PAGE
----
Is the environment really as important as the FA cup?

Yes it is, and I don't say it lightly. The FA Cup is still the greatest cup competition in the world, despite the constant carping of tedious pundits who insist it's 'lost its magic' and so on. But if we screw up the environment too much, in one hundred years we might struggle to stage the cup at all. Think about that.

Do you think comedians could have a role in persuading the public to go green?

I think comedians have a lot of power to persuade people to do things, in theory. In practice, it is hard to talk about the environment (or any other 'cause') without seeming like you're trying to abuse your position as a funnyman and become all pretentious. But it's still worth a try, I think.

Any tips for pimping our londonist.com plant pot?

I'm actually shit at art so I'm not sure I can give you any advice. But what about trying to make it look like the London Eye? You could draw in little people and everything. It depends on the shape of the pot, I suppose.

How do you approach the idea that whatever we do now regarding the environment, we're ultimately doomed?

Well it's a bit like saying we're all going to die one day, so there's not much point doing anything with your life. It may be true but I think you may as well at least try to fight the inevitable. Like that poem by Dylan Thomas. Also, we don't know for sure - it may still be possible to do some good. It certainly seems fatalistic to just not bother because the battle may already be lost.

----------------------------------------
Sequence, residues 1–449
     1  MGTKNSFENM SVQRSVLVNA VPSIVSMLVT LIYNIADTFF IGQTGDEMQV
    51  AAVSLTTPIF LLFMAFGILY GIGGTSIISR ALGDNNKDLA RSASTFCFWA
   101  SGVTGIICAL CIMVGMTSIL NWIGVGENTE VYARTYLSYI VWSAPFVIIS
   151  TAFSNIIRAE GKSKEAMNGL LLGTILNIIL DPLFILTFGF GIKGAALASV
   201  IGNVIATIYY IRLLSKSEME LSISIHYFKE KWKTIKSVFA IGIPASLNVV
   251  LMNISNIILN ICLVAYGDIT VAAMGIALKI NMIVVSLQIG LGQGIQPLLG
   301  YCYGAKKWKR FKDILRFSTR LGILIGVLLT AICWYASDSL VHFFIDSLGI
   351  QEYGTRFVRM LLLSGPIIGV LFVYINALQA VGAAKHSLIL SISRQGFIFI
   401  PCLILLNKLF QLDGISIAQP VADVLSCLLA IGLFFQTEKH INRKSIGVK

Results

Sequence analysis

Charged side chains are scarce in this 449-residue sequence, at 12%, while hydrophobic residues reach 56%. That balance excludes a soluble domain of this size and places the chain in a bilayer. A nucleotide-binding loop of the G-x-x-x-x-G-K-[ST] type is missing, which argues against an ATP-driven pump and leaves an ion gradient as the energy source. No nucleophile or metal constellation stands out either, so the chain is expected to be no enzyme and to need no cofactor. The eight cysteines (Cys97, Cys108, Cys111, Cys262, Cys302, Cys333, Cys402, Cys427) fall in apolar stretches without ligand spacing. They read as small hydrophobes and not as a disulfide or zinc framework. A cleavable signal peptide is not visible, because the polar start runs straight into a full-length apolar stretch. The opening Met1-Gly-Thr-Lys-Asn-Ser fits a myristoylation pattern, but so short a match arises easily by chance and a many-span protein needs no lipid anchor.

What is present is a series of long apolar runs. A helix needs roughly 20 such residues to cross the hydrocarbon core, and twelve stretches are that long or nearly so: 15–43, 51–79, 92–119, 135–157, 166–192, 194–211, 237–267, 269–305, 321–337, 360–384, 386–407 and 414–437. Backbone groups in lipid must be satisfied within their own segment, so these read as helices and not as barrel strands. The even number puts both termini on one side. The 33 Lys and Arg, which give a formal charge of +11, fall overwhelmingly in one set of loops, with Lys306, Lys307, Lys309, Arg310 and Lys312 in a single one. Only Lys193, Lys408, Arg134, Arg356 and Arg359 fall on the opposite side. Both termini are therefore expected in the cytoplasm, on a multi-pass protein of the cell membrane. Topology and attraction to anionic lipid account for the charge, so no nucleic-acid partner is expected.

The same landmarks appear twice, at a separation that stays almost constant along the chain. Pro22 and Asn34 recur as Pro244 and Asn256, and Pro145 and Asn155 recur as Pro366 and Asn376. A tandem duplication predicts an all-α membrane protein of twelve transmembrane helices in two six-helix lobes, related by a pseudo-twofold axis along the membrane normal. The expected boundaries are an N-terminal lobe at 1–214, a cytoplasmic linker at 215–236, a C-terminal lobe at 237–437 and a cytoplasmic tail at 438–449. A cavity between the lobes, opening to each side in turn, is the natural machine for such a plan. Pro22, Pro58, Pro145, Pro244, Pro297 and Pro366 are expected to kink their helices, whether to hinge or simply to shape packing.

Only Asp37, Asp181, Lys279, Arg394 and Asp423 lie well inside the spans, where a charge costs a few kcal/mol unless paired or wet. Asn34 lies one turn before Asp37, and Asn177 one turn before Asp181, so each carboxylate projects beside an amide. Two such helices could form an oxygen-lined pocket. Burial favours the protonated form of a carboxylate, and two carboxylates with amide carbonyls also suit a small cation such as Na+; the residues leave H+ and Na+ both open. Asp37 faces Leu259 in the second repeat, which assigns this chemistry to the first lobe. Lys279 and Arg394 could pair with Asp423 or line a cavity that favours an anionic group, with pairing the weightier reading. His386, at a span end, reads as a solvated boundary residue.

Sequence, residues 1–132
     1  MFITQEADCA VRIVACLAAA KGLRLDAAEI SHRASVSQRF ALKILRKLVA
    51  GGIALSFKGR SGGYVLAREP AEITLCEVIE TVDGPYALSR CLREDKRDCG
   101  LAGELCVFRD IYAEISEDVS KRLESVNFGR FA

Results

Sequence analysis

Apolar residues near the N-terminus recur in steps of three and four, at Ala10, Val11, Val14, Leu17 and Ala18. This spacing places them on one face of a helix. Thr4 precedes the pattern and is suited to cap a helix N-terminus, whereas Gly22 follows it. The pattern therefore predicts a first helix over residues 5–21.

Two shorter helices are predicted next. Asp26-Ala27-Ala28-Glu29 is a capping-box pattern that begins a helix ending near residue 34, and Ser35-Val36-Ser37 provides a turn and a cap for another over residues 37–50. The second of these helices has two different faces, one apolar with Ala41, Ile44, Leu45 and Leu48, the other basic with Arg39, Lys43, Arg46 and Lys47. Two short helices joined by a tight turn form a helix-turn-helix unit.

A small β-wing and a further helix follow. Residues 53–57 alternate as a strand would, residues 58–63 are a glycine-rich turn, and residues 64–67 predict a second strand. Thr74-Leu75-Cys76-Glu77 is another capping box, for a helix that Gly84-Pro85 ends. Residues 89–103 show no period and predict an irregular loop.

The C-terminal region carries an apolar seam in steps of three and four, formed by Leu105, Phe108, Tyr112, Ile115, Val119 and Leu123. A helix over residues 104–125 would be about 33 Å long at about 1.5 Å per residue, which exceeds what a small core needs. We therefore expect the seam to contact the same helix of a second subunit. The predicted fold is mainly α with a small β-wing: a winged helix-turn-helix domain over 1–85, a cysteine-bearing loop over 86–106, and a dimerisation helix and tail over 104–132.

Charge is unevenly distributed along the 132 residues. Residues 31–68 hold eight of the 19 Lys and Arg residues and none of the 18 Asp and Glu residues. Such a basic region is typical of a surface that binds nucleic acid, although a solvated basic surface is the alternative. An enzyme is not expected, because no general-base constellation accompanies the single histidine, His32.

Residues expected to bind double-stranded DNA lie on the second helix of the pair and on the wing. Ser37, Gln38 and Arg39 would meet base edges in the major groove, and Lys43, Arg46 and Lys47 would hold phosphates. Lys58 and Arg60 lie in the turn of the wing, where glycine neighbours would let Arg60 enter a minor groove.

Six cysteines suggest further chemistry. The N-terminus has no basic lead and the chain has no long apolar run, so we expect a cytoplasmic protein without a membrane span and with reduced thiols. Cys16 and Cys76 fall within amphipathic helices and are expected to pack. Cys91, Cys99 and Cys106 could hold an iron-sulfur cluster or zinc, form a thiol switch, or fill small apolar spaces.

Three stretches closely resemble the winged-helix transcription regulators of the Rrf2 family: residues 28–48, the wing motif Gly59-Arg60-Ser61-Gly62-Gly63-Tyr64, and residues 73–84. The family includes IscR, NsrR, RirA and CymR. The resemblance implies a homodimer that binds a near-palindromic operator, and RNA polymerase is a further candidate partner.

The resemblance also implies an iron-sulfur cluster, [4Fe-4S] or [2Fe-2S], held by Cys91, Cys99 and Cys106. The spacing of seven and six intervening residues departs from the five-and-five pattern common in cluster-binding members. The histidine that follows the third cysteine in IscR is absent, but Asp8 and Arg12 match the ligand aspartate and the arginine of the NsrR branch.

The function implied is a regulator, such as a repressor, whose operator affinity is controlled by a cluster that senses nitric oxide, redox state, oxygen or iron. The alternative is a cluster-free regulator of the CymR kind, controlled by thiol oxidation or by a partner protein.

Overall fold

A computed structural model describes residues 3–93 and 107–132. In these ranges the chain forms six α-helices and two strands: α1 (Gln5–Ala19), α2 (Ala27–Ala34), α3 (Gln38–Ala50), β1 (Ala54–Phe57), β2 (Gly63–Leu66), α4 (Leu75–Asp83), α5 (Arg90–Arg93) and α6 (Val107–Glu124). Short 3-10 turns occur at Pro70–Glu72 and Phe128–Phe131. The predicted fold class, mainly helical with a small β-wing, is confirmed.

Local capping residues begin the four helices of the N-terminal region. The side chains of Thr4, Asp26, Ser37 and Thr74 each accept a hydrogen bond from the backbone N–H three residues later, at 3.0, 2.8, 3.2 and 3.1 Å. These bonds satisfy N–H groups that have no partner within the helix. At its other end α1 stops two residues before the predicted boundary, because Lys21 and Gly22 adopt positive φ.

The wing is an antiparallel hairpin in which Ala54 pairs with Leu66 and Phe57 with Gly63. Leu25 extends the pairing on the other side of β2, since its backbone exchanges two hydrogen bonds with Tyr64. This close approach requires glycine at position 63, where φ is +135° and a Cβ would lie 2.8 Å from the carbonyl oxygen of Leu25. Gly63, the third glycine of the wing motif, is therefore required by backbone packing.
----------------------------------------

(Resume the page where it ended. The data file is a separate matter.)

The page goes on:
New projects seem to pop up every day, what is 'pimp my patch'?

It's an initiative to find a part of the country that's desperately in need of some plants- an urban wasteland - and pretty it up with amateur gardening. It's a spin-off from Pimp My Plant Pot because our chief planter Nicola is overachieving and needs something bigger to take on.

Should you pimp on other peoples' patches?

Only with their permission.

The events organised so far do look fun and certainly aren't harmful to the environment, but are they really helping the environment?

Well, these are very early days. Most of the stuff we're doing at the moment is just raising awareness and trying to establish a bedrock of support. Once we've got enough people behind the movement, it'll be possible to put some bigger things in motion (which we're already planning) and then, maybe, we will actually be able to help the environment a bit. It's all a matter of 'softly softly catchee monkey' for the time being.

Favourite part of London?

My flat. Also, parts of Hampstead Heath.

Best place to see comedy in London?

Up The Creek in Greenwich.

Which comedians would you recommend to Londonist readers?

Cowards, who are recording a Radio 4 series at the moment. For stand-up, Stu Goldsmith, who is supporting me on tour at the moment, and Lee Bannard.

What advice would you give to Ken Livingston?

Shut the Northern Line for a year, do everything possible to modernise it, then let's see if we can go a day without delays.

Last Updated 07 March 2007